Autopsies within two days instead of six weeks

One of the island’s seven forensic pathologists believes that if the long-promised public morgue is finally built and properly staffed, autopsies could be completed within a day or two, instead of four to six weeks as happens now.

“The ideal thing is to have the suite so that we can do the post-mortem on the same day or the next day at the latest,” Dr SN Prasad Kadiyala told the Jamaica Observer. “Currently, in Jamaica, we are doing autopsies in about four to six weeks’ time, which is not at all an ideal situation.”

Dr Prasad, a State pathologist, was commenting following the most recent indications by the Government that it would be reviving shelved plans to construct a public morgue at a cost of $555.9 million. The facility, which is being promised to materialise in “two years”, should see the long-awaited forensic pathology autopsy suite gracing Jamaica’s capital a stone’s throw from Kingston Public Hospital, the island’s premier trauma centre.

Information Minister Fayval Williams had made the disclosure during a post-Cabinet press briefing, saying that the executive had given approval for construction of the morgue to be included in the public sector investment programme. She said approval was also given for the provision of fiscal support.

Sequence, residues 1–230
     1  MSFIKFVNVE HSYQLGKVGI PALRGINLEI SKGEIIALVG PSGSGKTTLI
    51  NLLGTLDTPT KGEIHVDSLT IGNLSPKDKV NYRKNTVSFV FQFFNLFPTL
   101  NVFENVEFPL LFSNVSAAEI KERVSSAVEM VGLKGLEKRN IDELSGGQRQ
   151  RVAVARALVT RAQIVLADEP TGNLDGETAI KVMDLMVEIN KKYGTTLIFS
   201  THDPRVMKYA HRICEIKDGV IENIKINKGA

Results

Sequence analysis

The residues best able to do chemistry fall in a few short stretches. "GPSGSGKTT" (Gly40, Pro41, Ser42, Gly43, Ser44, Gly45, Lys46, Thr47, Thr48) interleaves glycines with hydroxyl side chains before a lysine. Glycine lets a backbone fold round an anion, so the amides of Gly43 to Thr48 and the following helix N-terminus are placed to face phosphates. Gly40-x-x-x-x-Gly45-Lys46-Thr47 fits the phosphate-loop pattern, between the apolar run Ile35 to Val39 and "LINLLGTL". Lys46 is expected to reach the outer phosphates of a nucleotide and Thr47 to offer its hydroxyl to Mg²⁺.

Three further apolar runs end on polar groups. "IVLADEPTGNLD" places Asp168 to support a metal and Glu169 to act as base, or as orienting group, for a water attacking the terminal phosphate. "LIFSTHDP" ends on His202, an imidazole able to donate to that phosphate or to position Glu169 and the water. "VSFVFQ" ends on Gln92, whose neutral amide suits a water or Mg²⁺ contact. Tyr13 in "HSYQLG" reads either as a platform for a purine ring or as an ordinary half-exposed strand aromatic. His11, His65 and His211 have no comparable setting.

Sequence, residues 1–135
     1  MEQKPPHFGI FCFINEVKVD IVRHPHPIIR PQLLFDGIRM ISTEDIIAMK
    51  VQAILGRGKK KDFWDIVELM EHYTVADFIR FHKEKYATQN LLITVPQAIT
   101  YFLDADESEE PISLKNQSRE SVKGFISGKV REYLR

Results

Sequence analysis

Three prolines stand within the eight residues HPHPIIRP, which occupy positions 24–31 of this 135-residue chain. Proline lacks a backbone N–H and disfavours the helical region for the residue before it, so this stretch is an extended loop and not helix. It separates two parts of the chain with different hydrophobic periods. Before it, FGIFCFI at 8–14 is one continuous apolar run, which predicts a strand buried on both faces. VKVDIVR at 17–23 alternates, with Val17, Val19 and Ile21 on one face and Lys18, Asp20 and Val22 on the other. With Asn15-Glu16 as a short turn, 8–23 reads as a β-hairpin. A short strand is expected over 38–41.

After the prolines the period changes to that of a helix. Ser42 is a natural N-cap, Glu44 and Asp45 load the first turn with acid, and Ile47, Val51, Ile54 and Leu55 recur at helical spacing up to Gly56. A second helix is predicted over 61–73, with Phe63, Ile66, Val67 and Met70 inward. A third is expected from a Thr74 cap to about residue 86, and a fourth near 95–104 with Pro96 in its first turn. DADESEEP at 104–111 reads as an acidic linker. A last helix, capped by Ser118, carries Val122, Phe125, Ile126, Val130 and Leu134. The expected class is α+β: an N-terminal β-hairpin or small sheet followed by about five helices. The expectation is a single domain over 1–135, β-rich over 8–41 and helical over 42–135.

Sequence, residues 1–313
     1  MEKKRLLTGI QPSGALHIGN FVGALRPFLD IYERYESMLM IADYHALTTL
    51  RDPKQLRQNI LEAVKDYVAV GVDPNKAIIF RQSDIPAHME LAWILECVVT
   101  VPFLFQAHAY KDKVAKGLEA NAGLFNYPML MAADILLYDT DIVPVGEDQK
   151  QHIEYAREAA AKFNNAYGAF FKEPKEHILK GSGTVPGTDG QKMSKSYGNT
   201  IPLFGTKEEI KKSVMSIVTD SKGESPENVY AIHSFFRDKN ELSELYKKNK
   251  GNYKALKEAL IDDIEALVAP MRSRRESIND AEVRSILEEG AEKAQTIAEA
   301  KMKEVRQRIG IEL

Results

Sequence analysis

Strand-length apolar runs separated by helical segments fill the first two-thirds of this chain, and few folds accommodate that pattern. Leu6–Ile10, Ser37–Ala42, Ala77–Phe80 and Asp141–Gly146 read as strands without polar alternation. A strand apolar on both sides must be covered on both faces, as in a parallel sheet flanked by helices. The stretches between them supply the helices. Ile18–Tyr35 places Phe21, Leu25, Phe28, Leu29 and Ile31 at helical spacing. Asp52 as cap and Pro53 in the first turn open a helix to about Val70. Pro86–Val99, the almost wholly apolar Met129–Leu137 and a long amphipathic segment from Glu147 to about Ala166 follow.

The announcement was welcomed by Dr Prasad who said the facility would be a huge improvement on what now exists.

“It will be much easier for us to appreciate the wounds and to make a complete examination of the body. In spite of the drawback we are having, we are able to fulfil up to 90 per cent of the time all the requirements of the law, but even though we are not compromising, it is not the ideal situation,” he told the Observer.

In the meantime, he said the suite alone would not do.

“It would improve the storage of the bodies but we need more human resources in the form of pathologists, pathologist assistants, morgue attendants, more morgue technicians and the other staff,” he said of the pathology suite.

Additionally, he said there is need for a culture shift because the attitudes of relatives have contributed to delays.